Tuesday, September 22, 2009

English lessons:

Sometimes students complain about the complexities of Spanish pronunciation. Personally, I think that it is pretty straightforward. To compare, let me give an example from English. Maybe the few hipanohablantes that read this blog can comment on this.

"OUGH"--Five words, five different pronunciations:

Cough (like off)
Tough (like buff)
Though (like toe)
Through (like dew)
Bough (like pow)

Related lesson: "GH"

Ghost [g]
Ought -silent- (and for the record, the vowel sound here... same as "cough". I vote that we just scrap the alphabet, adopt the IPA, and then send all adults, myself included, back to kindergarten to learn it.)
Laugh [f]

Can we agree that Spanish is at least a little more straightforward than English?


  1. Cough (like off)
    Where are you from? ha ha!

  2. Hahahaha... Sorry, I was just thinking of the vowel sounds - in which case 'hot' and 'off' are the same. It is true that some of the OUGH words have an F sound at the end while others don't but I was not thinking about anything but the vowels. Sorry if that threw you.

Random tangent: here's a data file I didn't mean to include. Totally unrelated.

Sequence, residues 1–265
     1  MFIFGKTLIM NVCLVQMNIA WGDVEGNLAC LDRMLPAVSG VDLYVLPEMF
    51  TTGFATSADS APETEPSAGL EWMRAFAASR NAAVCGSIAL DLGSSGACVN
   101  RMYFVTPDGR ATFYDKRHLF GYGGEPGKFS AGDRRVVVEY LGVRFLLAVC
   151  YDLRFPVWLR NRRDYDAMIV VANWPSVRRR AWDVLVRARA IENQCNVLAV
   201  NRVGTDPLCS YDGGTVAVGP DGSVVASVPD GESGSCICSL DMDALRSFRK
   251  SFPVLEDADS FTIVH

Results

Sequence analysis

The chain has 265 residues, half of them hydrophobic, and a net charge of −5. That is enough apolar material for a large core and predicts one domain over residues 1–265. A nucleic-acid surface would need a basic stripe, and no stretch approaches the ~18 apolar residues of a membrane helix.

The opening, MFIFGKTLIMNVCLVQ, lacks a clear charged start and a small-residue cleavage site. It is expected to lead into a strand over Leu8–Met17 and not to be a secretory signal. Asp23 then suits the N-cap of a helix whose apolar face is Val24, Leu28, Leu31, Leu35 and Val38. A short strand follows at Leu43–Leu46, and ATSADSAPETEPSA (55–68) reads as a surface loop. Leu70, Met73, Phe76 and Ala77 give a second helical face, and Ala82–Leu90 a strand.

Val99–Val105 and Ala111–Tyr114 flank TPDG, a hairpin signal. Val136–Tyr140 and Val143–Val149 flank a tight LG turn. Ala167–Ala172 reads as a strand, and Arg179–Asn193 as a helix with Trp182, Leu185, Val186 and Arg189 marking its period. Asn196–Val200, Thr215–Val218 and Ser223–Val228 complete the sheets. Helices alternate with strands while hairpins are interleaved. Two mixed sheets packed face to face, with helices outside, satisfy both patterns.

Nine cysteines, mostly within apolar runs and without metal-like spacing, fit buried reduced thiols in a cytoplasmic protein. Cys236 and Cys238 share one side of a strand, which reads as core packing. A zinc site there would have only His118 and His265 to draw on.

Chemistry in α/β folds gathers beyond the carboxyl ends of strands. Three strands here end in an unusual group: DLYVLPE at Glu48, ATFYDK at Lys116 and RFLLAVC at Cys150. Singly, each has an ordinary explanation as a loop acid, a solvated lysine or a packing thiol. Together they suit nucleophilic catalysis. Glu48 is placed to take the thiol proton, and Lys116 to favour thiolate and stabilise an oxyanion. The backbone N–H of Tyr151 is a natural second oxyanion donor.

But here is a question - between the words 'of' and 'off' what is it that changes? Is there a rule for that sort of change? I don't think that English would be so easy to learn as an adult.

  3. This is getting even more interesting because I wasn't talking about the F sound. When I isolate the OU sound in COUGH it has the same sound as the O in OFF. But COUGH does not sound like the O in your HOT. The O in my HOT sounds more like the Spanish A. ha ha
    I do, however, agree that English pronunciation and spelling would be difficult to learn as an adult. And I know nothing of a rule for your OF/OFF question.

  4. Cough and off rhyme for me too ... but that's probably because we're related.

    I've heard that English is actually one of the more difficult languages to master--partly because there are no consistent rules.